First a comment on RV Professionals, I have not found one yet, ok that is my rant. It depends on the type of wheel bearing. The below is from another post of mine. If you do not have an oil bath bearing or a hub bearing you many find this useful. I saved all my tools, learned the lesson never sell a tool as you get nothing for them and as soon as you sell one you need it. This is a bearing packer and does a great job. The bearings are the ones from the trailer (seals said dexter on them, bearings are from china). http://www.irv2.com/attachments/photopost/data/1515/DSC_4893.jpg This is a photo of the bearing in the packer, I am using red grease, brand can be seen in the previous photo. Note that it came out right away (leading edge white, indicating very little of the grease that was used to pack the bearings a CW) http://www.irv2.com/attachments/photopost/data/1515/DSC_4894.jpg http://www.irv2.com/attachments/photopost/data/1515/DSC_4895.jpg Now these bearings are PACKED with grease, excess can be wiped away. http://www.irv2.com/attachments/photopost/data/1515/DSC_4896.jpg So.... now back together we go.... a little grease on the spindle. http://www.irv2.com/attachments/photopost/data/1515/DSC_4897.jpg Seal seated correctly. http://www.irv2.com/attachments/photopost/data/1515/DSC_4898.jpg Correct preload on the bearings and spindle nut retainer in place. To get the correct preload tighten the spindle nut while turning the drum. when the spindle nut meets resistance, stops turning with a small amount of effort (a light touch is needed), back the nut off one flat (just far enough that you can get the cotter pin through one of the openings in the castle nut retainer. If you do not under stand this get help. http://www.irv2.com/attachments/photopost/data/1515/DSC_4900.jpg
GlennLever 09/20/14 07:49am Class A Motorhomes
RE: Outrageous Pricing

You all are scaring me! :E I hope they can install tires and repack bearings! I just ordered 4 GY 614's and made an appointment for install and wheel bearing re-pack. Now...I shopped all over for the tires and CW had the best price $304 plus I got a $25 rebate per tire making them $279 each. The re-pack quote was $229 for our double axle Alpenlite as opposed to the $269 from the local guy. Average price from other tire sources was in the $370 range plus shipping. Here in the north corner of WA state, local dealers are most often higher priced than CW for service and many supplies. I would pay a little extra to support the local shops but not a few hundred more! Amazon is often less expensive than either when purchasing equipment/supplies etc. I did get the same ADCO cover that CW sells for $368 for $330 free shipping. Saved me $30 plus a trip south! My experience with CW is like everywhere else...shop around to see where the best deal is. PS My appointment was scheduled a month out so they must be very busy! We have not had good luck at the CW's service in Fife or Burlington, WA. The service done in Burlington CW was so bad it all had to be redone in the Mesa, AZ CW at the direction of Marcus Lemonis, CEO Camping World. Had it not been for Marcus Lemonis's intervention we probably would have had to pay over $2500 to get the work that Burlington, WA didn't do properly corrected at the Mesa, AZ CW. This all started out as out of warranty work that was to be paid for by the RV manufacturer. First they were required to do an inspection and report their findings. The Manufacturer approved the repairs which CW Burlington told us would be completed by 5:00PM. We came back at 5:00PM and they hadn't even started doing the work. Had to make a 4 hour round trip a week later to pick up the unit and later found out that hadn't done the repairs they were authorized to do. The repairs that had been authorized in Burlington, WA CW had to be done properly in Mesa, AZ. Don't know what would have happened without getting Marcus Lemonis involved. Marcus came through but it sure has left a bad taste in our mouth for the Burlington, WA CW. Before they even started to do the inspection that the manufacturer had authorized, they immediately started trying to add on other work that supposedly was needed. It was all phony.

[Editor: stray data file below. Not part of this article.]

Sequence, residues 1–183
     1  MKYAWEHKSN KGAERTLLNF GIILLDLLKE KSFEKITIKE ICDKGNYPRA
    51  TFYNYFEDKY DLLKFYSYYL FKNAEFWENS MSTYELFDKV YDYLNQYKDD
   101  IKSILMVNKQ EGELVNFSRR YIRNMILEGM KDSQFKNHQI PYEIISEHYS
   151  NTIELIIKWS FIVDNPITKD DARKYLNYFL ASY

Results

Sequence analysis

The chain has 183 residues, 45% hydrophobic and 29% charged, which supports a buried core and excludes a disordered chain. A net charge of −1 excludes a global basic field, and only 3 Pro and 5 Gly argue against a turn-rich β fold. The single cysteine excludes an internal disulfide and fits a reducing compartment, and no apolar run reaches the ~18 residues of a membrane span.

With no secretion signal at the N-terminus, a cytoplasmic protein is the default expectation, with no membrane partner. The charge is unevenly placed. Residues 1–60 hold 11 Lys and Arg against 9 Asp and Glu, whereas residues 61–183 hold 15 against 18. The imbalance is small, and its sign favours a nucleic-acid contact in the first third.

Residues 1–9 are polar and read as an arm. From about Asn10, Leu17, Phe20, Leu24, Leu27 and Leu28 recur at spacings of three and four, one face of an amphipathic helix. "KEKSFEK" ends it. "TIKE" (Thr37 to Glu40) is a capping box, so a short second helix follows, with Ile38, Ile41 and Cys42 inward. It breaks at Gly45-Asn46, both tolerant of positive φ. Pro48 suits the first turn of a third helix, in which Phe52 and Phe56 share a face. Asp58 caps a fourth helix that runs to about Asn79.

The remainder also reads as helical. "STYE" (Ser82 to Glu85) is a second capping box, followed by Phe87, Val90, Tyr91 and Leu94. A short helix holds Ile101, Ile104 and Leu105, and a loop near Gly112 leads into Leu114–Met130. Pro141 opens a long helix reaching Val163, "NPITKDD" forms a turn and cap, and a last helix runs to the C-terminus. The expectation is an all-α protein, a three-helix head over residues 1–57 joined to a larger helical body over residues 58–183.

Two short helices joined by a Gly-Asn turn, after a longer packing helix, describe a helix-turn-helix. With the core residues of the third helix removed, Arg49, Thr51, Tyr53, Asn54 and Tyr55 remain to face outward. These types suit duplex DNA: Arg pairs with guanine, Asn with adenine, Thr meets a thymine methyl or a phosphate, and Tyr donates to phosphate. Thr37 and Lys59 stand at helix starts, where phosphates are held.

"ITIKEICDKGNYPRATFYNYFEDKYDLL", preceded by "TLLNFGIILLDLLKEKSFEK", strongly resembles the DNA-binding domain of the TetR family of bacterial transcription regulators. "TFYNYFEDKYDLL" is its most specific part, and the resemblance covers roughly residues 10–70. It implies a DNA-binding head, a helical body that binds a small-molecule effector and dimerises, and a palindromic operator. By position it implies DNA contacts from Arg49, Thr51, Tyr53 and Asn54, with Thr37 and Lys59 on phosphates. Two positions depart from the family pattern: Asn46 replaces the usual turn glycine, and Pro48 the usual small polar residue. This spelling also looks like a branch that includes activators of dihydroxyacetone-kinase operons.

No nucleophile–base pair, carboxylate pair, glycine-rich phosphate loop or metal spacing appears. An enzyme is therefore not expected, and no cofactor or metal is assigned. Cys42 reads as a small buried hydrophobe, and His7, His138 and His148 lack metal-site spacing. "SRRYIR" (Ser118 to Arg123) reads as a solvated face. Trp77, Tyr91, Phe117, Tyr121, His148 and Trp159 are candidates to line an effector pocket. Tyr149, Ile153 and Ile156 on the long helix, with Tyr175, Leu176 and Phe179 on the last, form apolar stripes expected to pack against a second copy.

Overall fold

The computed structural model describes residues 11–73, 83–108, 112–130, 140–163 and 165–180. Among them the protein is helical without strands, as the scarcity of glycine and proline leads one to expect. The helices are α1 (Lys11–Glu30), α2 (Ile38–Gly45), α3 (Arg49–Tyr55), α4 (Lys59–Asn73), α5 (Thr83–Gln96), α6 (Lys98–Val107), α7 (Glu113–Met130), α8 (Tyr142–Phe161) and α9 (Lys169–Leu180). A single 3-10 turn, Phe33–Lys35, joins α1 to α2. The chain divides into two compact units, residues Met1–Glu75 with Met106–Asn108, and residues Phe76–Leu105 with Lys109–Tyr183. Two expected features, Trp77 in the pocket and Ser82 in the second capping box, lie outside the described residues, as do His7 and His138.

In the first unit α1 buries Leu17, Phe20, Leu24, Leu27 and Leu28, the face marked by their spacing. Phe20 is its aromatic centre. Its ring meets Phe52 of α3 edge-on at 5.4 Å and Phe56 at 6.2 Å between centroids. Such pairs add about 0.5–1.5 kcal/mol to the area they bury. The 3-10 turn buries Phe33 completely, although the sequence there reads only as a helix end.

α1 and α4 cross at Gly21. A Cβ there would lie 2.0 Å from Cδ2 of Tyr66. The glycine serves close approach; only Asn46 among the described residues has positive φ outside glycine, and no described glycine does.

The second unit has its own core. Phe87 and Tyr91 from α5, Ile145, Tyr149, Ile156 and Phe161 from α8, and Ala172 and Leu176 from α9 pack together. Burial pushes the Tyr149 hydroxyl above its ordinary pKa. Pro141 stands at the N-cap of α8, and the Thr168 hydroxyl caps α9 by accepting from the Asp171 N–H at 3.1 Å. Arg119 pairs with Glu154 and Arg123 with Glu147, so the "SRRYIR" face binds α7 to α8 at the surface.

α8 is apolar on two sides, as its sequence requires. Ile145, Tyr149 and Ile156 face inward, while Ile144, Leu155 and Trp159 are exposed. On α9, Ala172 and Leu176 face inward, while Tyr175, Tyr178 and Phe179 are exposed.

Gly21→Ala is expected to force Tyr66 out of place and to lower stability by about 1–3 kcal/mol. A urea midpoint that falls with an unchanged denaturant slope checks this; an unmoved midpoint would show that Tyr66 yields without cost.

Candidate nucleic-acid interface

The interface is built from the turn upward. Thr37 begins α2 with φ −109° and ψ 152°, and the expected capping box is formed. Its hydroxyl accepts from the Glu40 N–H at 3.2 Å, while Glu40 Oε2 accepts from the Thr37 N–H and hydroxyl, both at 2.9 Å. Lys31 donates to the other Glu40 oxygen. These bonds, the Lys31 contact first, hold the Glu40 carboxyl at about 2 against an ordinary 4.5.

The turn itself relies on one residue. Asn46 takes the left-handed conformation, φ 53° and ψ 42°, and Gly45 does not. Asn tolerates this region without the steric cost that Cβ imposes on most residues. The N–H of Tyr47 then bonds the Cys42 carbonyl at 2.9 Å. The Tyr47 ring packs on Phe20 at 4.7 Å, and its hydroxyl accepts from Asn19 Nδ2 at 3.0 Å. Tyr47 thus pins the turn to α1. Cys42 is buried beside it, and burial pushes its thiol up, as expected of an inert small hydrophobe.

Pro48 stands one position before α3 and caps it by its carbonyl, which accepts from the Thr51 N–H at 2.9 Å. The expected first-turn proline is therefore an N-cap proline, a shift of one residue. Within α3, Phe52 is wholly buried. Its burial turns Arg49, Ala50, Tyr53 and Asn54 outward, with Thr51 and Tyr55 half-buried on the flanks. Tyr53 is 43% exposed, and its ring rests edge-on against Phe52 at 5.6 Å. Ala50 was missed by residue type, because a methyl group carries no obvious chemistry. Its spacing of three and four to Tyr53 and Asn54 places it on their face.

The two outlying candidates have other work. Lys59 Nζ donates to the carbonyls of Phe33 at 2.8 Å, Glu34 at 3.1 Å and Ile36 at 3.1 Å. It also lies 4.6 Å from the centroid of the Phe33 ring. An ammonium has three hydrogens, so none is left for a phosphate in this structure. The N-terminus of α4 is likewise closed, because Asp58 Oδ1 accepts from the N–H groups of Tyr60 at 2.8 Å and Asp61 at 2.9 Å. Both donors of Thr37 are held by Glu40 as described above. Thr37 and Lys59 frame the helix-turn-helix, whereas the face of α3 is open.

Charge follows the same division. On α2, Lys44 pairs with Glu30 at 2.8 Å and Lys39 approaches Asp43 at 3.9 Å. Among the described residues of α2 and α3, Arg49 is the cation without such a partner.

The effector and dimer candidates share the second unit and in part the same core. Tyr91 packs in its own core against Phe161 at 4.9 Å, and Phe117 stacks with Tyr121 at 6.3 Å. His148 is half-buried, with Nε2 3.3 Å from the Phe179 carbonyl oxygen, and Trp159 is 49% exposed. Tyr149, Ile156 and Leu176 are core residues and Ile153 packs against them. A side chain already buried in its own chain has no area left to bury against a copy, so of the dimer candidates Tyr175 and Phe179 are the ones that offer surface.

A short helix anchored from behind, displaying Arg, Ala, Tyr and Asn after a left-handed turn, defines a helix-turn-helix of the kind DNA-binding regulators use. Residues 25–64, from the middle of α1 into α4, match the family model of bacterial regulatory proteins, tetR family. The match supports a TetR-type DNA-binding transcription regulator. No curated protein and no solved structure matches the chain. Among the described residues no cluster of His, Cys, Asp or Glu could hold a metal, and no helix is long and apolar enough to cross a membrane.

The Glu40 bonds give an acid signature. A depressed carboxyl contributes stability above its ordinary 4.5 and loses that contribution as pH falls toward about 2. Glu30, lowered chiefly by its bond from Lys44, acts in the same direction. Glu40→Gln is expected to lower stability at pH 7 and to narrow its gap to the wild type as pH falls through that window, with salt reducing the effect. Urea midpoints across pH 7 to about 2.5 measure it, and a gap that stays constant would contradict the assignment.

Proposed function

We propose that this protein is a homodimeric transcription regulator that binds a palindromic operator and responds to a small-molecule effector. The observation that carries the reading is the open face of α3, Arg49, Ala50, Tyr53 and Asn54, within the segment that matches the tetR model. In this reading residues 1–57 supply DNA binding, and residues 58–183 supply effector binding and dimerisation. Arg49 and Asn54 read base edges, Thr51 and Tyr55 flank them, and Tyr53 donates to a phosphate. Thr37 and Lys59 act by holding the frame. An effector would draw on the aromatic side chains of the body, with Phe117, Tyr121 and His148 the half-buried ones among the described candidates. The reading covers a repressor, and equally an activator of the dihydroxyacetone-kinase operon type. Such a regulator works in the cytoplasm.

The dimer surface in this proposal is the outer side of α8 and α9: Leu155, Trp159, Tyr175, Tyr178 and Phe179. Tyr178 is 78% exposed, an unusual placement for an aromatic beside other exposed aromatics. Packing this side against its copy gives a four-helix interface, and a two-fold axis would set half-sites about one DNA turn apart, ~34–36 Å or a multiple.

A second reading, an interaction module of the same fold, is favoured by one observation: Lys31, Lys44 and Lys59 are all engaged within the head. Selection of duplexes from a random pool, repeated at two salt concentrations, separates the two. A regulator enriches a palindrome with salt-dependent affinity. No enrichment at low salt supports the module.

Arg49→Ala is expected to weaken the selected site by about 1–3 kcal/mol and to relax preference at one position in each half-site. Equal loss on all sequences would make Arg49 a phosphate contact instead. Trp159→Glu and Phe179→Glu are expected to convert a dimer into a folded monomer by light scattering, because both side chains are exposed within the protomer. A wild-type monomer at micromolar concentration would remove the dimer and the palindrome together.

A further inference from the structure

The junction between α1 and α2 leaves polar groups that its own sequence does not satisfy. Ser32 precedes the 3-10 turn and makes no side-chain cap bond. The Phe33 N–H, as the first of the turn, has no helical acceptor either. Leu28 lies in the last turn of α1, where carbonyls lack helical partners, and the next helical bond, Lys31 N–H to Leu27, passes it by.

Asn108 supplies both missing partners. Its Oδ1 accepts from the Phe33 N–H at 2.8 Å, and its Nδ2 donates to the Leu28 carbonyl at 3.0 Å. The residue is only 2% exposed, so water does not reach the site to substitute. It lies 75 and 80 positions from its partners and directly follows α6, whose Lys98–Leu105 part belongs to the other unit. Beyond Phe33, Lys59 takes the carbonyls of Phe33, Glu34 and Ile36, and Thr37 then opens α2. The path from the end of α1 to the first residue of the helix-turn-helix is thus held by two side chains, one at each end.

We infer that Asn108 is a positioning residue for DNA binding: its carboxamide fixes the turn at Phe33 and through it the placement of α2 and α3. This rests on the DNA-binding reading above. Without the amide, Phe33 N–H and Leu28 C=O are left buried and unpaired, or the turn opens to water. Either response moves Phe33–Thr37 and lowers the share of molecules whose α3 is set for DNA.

MrVan 09/04/14 01:14pm Camping World Service and Installation
RE: Outrageous Pricing

You all are scaring me! :E I hope they can install tires and repack bearings! I just ordered 4 GY 614's and made an appointment for install and wheel bearing re-pack. Now...I shopped all over for the tires and CW had the best price $304 plus I got a $25 rebate per tire making them $279 each. The re-pack quote was $229 for our double axle Alpenlite as opposed to the $269 from the local guy. Average price from other tire sources was in the $370 range plus shipping. Here in the north corner of WA state, local dealers are most often higher priced than CW for service and many supplies. I would pay a little extra to support the local shops but not a few hundred more! Amazon is often less expensive than either when purchasing equipment/supplies etc. I did get the same ADCO cover that CW sells for $368 for $330 free shipping. Saved me $30 plus a trip south! My experience with CW is like everywhere else...shop around to see where the best deal is. PS My appointment was scheduled a month out so they must be very busy!
SH 09/02/14 07:04pm Camping World Service and Installation
RE: How much do you pay for the following work

Around here in central AZ, I was quoted $129 to $150 an axle for a re-pack, new seals and brake inspection/adjustment. I found a shop that charged me $29/wheel for the re-pack/re-seal and brake adjustment and an additional $18/wheel for all-new bearings. $100 per axle =with= new bearings and seals. Sure stops better, without grabbing, too. Add $75 to $100 for a mobile service to show up, plus hourly. Lyle